On the second floor of the Fondation Louis Vuitton in Paris, visitors arrive at an atypical display: Two large, square nature studies in dusky light by Claude Monet, removed from their frames, hang from a vertical island with a large gap between them. Beyond is a view to the gallery’s far wall, where a quadriptych—a four-paneled painting—by Joan Mitchell ripples and radiates in similar tones of deep blue, green, and lavender.
In Monet’s paintings, the trees and water lilies appear on the banks of the Seine in a fleeting moment. In Mitchell’s, titled Quartet II for Betsey Jolas (1976), the fragmented composition only barely alludes to a landscape, as though a tranquil panoramic scene has been rearranged into an accumulation of impressions, each asserting its own rhythm. (Jolas, a friend of Mitchell’s, is a composer and still alive at 96.) Quite simply, this juxtaposition of their works is breathtaking.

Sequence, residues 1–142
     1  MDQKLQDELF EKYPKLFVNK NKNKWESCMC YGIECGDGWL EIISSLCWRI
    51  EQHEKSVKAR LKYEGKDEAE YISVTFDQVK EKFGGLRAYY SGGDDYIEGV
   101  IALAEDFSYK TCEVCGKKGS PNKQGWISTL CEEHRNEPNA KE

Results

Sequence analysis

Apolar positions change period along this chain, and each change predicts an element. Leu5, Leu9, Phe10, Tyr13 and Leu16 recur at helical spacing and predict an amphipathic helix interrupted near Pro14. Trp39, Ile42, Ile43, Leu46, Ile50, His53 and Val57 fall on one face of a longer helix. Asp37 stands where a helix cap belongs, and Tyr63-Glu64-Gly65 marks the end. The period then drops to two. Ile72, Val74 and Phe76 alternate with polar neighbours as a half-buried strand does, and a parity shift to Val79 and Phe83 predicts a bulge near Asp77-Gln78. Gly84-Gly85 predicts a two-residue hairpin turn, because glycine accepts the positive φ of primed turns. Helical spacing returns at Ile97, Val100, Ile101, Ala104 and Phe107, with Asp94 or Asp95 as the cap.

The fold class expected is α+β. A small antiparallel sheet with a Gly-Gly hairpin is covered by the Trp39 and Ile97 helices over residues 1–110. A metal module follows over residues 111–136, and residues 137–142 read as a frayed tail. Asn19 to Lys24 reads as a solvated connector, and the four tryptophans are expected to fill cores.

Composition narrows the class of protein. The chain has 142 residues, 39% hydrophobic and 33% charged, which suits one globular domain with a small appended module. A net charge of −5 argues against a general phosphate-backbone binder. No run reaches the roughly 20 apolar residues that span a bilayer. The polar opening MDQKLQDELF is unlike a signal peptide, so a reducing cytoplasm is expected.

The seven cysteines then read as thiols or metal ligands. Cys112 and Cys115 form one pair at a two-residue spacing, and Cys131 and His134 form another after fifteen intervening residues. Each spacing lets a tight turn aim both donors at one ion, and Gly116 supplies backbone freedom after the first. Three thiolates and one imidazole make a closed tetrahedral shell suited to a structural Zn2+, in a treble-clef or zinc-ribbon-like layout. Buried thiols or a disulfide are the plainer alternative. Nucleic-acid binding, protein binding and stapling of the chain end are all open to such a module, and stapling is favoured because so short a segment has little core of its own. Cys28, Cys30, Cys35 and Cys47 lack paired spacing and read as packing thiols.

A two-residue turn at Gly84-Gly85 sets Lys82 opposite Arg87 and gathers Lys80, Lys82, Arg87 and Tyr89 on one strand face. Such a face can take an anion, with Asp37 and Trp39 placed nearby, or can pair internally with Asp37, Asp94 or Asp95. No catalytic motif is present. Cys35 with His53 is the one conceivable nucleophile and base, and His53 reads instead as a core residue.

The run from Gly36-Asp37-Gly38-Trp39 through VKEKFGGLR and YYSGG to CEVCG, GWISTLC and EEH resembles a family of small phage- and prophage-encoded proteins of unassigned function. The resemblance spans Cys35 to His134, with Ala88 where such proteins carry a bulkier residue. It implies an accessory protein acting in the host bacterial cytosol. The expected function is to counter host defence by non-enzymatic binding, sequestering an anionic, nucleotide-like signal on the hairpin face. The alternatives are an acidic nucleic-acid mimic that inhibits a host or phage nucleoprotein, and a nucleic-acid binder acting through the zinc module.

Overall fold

There are very few artists, past or present, whose paintings hold up, again and again, to Monet’s Nymphéas, or Water Lilies series, from the last decades of his life. Enter Mitchell, an artist who belonged to the New York School of Abstract Expressionists, and whose dynamic interactions of color are now being recognized in a major way. Evidently, the Fondation Louis Vuitton believes that this is Mitchell’s moment, celebrating her with a double-bill tribute comprising both a retrospective co-organized by the San Francisco Museum of Modern Art and the Baltimore Museum of Art, and “Monet – Mitchell,” a sweeping exhibition in partnership with the Musée Marmottan Monet in Paris. As curators Sarah Roberts and Katy Siegel state in the catalogue, these exhibitions “tell the story of a woman who was foremost and without qualification a great artist.”